Sisci: Parolin and the vision of the Pope on China

di: Marco Bernardoni (a cura)

On Monday May 13th the English language daily Global Times, part of the People’s Daily group, which is the official Party mouthpiece, published on the front page an exclusive interview with Secretary of State Cardinal Pietro Parolin of the Holy See carrying a picture of the Pope. It was the first time in the history of the People’s Republic and also in the history of China. Parolin argued that in recent months, since the temporary agreement on September 22, things are improving although problems remain. Our interview with Francesco Sisci.

parolin

  • Besides what was said, what is the sense of Holy See Secretary of State Cardinal Pietro Parolin’s interview with the Global Times?

It represents a major breakthrough in the position of the Church in China. The Cardinal could have said the same things on any occasion, and there would be plenty of media in the world eager to carry the words of the Cardinal. However, the fact that it is Global Times, China’s most popular English-language newspaper, and part of the People’s Daily, makes it a special event per se. Moreover, it ran the interview while carrying a picture of the Pope, and thus stressing correctly that Parolin didn’t speak for himself, but for the Pope.

It is perhaps a sign of change of thinking from Beijing to the Catholic Church in the world and in China. Cardinal Parolin speaks of the Church in China to the Chinese and to people around the world with some “blessing” and approval of the structure of the state. It is an unprecedented result. Never in Chinese history has Christianity ever received this kind of official recognition. Not even when Ricci’s Jesuits like von Schall or Verbiest were powerful members of the imperial court did the Church received this kind of recognition.

Moreover, as the Cardinal underlined in the interview, there are still problems in the life of the Catholic communities in China, and by publishing these comments in some ways Beijing recognizes the problems and that work must be done.

  • Parolin is the second most important person in the Church; therefore in China the leadership must be aware of this. Then the story cannot be only about the Church. Being China, there must also be a China angle in it. What is it?

Of course I don’t know, but an interview of this kind on the Global Times, China being China, would be “blessed” by the leadership. Then, it proves the Chinese leaders and President Xi Jinping can be quite open minded. In the old communist mindset, religion was the most dangerous enemy. Deng or even reformer Zhao Ziyang opened the Chinese market, opening its economy but not opening to religion, especially to the religion of the ex-colonizers, Christianity. Xi is doing it and that proves he can be more amicable.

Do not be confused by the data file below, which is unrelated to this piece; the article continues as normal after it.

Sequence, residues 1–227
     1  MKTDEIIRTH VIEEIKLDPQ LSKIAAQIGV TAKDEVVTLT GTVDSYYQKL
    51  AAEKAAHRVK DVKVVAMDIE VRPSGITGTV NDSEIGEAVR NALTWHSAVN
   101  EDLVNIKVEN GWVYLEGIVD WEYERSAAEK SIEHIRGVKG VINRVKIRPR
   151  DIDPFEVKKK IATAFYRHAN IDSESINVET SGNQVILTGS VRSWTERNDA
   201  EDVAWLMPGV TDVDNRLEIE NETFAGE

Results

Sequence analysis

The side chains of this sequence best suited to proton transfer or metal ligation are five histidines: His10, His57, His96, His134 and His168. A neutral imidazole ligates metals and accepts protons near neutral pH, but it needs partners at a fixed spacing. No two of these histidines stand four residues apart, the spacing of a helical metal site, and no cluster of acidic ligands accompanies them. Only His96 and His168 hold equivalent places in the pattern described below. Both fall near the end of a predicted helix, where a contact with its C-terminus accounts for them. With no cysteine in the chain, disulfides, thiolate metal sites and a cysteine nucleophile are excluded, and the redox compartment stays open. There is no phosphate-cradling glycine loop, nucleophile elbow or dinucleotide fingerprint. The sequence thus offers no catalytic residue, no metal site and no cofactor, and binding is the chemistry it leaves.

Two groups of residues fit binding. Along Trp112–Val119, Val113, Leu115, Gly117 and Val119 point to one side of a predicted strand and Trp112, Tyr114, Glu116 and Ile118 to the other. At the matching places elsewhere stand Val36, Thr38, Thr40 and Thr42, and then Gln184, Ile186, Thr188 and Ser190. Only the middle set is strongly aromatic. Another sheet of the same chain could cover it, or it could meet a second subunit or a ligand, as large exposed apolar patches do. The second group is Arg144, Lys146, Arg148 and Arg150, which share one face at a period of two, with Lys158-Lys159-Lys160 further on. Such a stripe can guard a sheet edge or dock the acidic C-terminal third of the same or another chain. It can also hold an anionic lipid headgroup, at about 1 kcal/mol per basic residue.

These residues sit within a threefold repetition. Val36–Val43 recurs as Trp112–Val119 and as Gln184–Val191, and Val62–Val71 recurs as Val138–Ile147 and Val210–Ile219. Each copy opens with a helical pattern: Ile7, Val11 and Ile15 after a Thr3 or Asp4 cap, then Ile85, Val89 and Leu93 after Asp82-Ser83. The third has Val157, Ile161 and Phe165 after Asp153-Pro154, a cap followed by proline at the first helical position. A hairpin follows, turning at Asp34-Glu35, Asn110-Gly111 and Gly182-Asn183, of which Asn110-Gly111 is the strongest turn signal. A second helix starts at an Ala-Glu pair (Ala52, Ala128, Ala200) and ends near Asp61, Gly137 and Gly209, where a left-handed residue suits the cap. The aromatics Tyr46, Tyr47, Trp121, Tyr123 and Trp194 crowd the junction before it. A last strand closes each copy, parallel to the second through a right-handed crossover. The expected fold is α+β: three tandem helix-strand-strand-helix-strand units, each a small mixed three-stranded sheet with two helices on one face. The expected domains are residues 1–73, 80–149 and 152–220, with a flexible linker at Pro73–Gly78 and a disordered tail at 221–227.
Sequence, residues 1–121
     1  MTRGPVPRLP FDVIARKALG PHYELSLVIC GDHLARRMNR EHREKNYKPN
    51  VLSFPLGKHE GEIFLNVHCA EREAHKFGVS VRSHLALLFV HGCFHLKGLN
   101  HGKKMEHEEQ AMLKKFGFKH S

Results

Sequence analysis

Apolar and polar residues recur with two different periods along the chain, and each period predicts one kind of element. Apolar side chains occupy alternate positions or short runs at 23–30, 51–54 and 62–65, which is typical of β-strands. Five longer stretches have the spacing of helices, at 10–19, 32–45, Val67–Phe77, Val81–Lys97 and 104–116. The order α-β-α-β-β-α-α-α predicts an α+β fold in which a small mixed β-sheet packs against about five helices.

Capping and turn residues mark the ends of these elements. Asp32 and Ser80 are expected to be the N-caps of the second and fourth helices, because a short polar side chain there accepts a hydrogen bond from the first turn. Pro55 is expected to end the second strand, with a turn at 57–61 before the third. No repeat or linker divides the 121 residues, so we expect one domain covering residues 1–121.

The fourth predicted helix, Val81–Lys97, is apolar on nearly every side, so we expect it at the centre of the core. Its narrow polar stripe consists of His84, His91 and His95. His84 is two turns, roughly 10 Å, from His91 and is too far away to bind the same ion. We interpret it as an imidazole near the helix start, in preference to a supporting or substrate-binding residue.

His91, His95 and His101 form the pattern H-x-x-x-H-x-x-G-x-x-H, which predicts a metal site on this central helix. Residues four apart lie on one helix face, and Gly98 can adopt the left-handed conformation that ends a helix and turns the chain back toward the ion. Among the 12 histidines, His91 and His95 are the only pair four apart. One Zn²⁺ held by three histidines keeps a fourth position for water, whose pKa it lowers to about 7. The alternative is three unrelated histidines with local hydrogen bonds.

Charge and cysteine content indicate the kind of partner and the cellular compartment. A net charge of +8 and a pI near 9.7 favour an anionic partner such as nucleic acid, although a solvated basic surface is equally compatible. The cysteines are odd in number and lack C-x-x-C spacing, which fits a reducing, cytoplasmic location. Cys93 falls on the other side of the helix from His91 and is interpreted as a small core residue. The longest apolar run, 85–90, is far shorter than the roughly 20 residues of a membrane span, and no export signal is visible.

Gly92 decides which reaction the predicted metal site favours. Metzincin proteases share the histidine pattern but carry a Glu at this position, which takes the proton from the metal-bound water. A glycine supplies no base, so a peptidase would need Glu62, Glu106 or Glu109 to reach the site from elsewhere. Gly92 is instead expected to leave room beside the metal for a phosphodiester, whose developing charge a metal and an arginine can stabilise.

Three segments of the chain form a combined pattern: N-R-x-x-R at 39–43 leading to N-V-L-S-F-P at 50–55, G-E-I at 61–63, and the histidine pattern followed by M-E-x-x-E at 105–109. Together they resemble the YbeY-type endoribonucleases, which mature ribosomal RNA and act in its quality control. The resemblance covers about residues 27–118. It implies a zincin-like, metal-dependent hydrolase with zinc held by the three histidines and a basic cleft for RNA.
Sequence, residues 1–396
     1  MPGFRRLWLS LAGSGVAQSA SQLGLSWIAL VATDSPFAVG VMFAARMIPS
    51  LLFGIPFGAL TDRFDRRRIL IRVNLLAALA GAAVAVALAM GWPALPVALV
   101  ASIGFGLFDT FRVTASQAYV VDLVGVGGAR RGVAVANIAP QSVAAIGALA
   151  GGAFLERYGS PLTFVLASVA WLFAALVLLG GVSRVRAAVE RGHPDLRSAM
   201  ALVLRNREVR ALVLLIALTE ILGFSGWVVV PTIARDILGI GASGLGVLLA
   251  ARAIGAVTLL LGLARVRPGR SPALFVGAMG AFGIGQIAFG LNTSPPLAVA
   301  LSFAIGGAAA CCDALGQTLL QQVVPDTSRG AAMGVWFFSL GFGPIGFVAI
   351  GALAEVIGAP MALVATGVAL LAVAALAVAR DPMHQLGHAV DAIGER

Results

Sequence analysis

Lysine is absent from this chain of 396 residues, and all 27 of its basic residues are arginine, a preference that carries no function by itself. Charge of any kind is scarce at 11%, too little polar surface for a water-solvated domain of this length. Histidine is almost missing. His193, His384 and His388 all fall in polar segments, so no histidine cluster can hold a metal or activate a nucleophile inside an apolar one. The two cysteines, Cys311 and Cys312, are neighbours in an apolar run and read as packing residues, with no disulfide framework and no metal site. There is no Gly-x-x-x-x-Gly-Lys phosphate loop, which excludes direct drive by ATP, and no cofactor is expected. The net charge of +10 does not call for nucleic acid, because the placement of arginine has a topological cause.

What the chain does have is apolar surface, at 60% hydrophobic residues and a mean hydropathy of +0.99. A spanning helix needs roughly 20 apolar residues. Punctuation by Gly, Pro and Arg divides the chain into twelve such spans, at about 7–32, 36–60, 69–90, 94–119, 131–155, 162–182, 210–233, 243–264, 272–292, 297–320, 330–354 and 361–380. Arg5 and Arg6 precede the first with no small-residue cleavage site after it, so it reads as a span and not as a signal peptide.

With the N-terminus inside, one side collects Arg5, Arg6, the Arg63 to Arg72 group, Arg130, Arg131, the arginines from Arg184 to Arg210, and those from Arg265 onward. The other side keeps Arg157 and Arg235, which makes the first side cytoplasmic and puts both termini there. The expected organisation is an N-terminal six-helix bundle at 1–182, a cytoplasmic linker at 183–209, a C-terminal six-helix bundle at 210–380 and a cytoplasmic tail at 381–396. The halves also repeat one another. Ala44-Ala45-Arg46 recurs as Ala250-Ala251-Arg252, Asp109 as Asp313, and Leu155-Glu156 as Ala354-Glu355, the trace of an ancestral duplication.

• The interview was published in the very hours the U.S.–China trade war started, and two days after the interview, Xi opened a grand congress on the dialogue of civilizations. Is it just a coincidence?

It might be, or it might have been a sign from God, since it was the day of Holy Mary of Fatima. Or it might have been partly a Chinese design. The fact is that as some people in the United States are talking of a clash of civilizations with China, China talks of mutual integration of civilizations and civilizations learning from one another. This is in line with the hopes of the Church, I understand. In fact, despite some of the anti-U.S. belligerent rhetoric in Chinese media, Xi appears open to solving the issues with the U.S. through dialogue and mutual understanding.

During the conference, Xi called on human civilization to have a new metabolism that can bring new life to everybody and stressed that China should not consider itself in isolation but in line with Asia and the world, almost mirroring some of the concepts expressed by Parolin.

It all signals that a peaceful way out can be achieved. The peaceful way out of an impending world war is a constant refrain of Pope Francis and also of Parolin, who spoke on May 14 in Milan of the efforts against the world wars since the time of Pope Benedict XV.

  • If this is all true, it would be an important result, but is it really?

This present relationship between the Church and China would appear impossible if we were looking at the present situation 18 years ago, when the relationship between China and the Holy See exploded with the canonization of 130 Chinese saints on October 1, 2000. The present result was achieved by being very frank, patient, and honest—and by making many honest mistakes. There were, as far as I know, many things that went wrong, but they were done in good faith by both sides and thus helped bridge the gaps, rather than widening them. The Vatican presented clearly the necessities and concerns of the Church, and the parallel concerns and necessities from China. Not all has been solved, but there has been unprecedented progress.

Trade and geopolitical issues, of course, have different contours and different timetables. The Church can wait years, or even decades. Politicians have much shorter time spans and very different priorities, but perhaps there is still something to learn here.

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